The emotion pleasure [1] works preventively and encourages people to think in an open, tolerant and constructive way. Pleasure provides an opportunity for growth, broadening our thoughts and behavioral repertoire. This effect makes us mentally outward-looking, flexible and creative. This helps us build our intellectual, social and physical capacities. Those who frequently experience pleasurable feelings thus become wiser, more resilient, more social and healthier.

To stay healthy, a daily dose of fun is as important as exercise and fruits and vegetables.

You consciously do things daily that are enjoyable. An example: you enjoy hosting a dinner party. That organizing, buying food and cooking is quite a lot of work. But once the guests arrive, it’s enjoyable. People who “prioritize fun” have the discipline to do the work beforehand so they can enjoy a fun time later. As a result, these people experience more fun in their daily lives, plus all the good effects of it.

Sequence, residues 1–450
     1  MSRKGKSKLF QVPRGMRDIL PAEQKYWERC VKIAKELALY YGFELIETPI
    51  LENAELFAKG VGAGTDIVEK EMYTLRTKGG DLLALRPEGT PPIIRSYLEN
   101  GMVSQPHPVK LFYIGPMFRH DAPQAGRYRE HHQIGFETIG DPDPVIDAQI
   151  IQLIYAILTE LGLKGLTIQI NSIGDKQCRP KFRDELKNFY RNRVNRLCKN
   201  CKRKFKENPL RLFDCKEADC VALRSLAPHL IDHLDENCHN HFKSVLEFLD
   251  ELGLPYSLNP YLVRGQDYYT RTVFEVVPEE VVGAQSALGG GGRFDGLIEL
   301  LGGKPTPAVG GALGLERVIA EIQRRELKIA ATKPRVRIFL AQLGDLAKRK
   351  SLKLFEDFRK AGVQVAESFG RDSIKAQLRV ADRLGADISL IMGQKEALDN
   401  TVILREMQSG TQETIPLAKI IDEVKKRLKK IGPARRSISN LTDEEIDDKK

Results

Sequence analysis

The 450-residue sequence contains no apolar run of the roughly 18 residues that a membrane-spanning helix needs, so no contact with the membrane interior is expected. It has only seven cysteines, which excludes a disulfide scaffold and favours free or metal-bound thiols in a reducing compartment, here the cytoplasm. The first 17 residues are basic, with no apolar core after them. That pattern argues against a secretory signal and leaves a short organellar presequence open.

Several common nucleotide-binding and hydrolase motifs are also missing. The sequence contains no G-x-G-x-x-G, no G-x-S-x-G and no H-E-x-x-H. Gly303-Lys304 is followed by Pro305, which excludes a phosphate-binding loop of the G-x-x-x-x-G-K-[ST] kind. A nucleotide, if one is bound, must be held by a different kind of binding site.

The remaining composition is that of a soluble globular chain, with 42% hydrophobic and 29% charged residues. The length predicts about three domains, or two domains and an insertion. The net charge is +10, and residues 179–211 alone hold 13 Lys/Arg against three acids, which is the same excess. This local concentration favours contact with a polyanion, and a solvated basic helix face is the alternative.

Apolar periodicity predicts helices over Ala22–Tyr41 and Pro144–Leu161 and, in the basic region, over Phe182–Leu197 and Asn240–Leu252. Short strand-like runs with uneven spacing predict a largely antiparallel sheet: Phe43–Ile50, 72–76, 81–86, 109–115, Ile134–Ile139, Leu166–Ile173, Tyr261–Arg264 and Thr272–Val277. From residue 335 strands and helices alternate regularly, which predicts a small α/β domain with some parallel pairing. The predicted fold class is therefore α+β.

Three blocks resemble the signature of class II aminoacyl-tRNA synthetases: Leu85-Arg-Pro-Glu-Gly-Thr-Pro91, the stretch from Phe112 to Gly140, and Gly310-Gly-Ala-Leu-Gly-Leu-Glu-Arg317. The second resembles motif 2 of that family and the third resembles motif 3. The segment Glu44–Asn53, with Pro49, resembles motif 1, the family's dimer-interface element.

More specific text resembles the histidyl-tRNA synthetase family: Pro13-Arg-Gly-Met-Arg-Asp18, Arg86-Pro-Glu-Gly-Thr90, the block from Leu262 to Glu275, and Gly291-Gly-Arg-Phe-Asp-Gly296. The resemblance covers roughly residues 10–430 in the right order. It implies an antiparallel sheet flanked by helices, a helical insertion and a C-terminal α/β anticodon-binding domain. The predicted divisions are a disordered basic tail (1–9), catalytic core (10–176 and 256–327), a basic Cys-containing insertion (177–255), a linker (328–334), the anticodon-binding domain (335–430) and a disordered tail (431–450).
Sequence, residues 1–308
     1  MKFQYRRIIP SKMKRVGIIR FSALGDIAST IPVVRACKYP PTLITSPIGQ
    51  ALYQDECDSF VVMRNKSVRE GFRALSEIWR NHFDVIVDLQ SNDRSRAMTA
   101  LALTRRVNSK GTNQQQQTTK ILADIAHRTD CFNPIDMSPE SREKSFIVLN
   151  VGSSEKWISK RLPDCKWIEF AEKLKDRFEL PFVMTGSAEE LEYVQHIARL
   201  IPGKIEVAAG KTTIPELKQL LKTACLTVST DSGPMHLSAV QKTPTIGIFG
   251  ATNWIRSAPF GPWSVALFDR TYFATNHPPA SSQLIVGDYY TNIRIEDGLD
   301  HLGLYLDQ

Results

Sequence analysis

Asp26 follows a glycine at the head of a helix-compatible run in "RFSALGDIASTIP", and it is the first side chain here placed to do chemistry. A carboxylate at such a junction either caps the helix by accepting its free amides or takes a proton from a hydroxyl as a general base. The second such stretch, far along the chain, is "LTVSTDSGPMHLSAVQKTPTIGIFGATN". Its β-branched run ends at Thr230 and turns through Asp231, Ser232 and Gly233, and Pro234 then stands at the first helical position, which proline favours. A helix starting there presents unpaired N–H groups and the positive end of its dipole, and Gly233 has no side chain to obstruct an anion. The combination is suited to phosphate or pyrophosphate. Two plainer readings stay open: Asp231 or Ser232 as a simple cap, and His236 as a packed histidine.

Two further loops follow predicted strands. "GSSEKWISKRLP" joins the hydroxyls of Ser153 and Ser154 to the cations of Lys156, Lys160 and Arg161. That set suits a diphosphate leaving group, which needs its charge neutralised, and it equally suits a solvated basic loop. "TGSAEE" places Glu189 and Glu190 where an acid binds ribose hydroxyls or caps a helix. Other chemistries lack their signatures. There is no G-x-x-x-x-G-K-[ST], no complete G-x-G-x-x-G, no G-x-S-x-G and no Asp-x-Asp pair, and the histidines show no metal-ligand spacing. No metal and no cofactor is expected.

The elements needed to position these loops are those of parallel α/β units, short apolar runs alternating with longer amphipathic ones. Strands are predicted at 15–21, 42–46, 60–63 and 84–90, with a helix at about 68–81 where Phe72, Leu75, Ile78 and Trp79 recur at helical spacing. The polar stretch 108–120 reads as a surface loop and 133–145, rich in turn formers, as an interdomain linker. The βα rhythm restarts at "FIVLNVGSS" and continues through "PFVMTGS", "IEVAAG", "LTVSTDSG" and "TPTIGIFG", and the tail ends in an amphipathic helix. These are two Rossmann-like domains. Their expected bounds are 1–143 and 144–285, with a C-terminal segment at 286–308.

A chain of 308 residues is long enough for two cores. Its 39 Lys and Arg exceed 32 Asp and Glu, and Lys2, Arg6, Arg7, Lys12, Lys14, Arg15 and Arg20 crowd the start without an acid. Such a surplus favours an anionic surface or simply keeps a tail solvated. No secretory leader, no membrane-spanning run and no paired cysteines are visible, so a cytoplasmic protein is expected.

Ironically, when people try really hard to wish themselves happy or force themselves to be happier, the effect is actually the opposite.

Consciously planning time for fun is one way that does work. This is because you direct your emotions at a much earlier stage. You choose situations that will give you pleasant feelings, such as meeting up with a good friend. And in the moment itself, when you are with that friend, you have a certain degree of acceptance: then you just feel what you feel. No emotion is permanent. Emotions last seconds or minutes, not weeks, months or years. Expecting them to be permanent is a recipe for disappointment.”

[1] Pleasure, like love, pride, hope and gratitude, is a positive emotion with the same effect as described. Negative emotions such as fear, anger and disgust narrow our attention so that we can focus properly on what threatens us. If our house is on fire, we don’t think for long but flee.